A law around low-carbon climate resilient development

A law around low-carbon climate resilient development


In a landmark judgment, the Supreme Court of India has recognized the right to be “free from the adverse impacts of climate change” in the case of M.K. Ranjitsinh and Others vs Union of India, deriving this right from the constitutional guarantees of the right to life and equality.

  • This judgment signifies a crucial step in establishing climate jurisprudence in India, highlighting the pressing need for robust mechanisms to protect this newly recognized right.
  • The debate now revolves around how to enforce this right effectively. While judicial interventions play a role, a comprehensive and systemic approach is essential.
  • This brings to the fore the necessity of climate legislation tailored to the Indian context, presenting both an opportunity and a challenge for the new government.


GS-3 (Environment)

Dimensions of the Article:

  • What is the Issue?
  • Need for Low Carbon Development Body in India
  • Engagement with Federal Structure

What is the Issue?

  • The Supreme Court’s recognition of a right to be free from the adverse impacts of climate change is a significant milestone, but the real challenge lies in operationalizing this right.
  • The current piecemeal judicial interventions are inadequate for the systemic change needed to tackle climate change comprehensively.
  • Hence, there is a compelling case for enacting climate legislation that integrates climate action into the core of development planning, ensuring that all decisions consider their long-term impacts on climate resilience and low-carbon futures.

Need for Low Carbon Development Body in India

  • Reorienting Development: India must reorient its development trajectory towards low-carbon and climate-resilient futures. This means integrating climate objectives into routine decision-making at all levels, ensuring that development advances social justice and addresses the needs of the most vulnerable.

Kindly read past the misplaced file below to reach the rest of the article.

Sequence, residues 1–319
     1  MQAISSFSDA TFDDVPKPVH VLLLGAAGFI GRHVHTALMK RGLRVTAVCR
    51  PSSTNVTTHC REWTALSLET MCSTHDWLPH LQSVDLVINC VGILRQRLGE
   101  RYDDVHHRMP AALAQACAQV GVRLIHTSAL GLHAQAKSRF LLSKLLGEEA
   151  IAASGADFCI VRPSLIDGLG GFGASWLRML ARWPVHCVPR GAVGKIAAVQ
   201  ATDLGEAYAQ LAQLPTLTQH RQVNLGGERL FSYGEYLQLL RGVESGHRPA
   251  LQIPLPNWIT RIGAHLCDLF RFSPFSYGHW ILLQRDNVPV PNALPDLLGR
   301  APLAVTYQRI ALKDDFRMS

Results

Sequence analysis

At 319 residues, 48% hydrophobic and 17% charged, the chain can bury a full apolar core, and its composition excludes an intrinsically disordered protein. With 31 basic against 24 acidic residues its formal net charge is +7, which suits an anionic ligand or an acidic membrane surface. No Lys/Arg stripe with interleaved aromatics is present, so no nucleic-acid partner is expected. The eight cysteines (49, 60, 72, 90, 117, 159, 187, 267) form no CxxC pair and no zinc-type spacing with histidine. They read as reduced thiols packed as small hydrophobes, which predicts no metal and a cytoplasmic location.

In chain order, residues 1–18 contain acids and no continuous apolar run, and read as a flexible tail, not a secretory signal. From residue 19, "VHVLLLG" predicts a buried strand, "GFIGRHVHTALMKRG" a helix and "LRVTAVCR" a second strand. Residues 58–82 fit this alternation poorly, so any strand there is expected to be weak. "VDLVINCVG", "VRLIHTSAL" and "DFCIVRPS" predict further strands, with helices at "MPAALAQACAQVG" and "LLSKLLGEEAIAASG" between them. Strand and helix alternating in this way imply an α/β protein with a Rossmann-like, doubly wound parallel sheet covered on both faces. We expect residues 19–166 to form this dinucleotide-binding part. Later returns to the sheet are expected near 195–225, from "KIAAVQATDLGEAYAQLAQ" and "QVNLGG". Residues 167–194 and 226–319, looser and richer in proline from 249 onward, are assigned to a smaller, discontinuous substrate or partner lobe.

• Comprehensive Climate Legislation: Climate legislation in India should not only focus on limiting emissions but also on building resilience. This involves creating laws that enable thoughtful decision-making and foster long-term planning to mitigate climate risks and promote sustainable growth.
  • Institutional Framework: Establishing a robust institutional framework is critical. This includes creating an independent ‘low-carbon development commission’ to offer practical solutions for achieving low-carbon growth and resilience, similar to South Africa’s Presidential Climate Commission, which engages stakeholders in the transition process.
  • Strategic Governance: A high-level strategic body, termed a ‘climate cabinet,’ should be established. This body, consisting of key ministers and state representatives, would drive climate strategy across government, ensuring coordinated and cohesive action.
  • Knowledge and Expertise: This body should rigorously analyze policy options and their potential futures, providing expert guidance to national and state governments on implementing low-carbon initiatives.
  • Inclusive Decision-Making: Effective climate governance requires inclusive decision-making. Vulnerable communities and those affected by technological changes must be systematically consulted, ensuring that policies reflect diverse perspectives and lead to sustainable outcomes.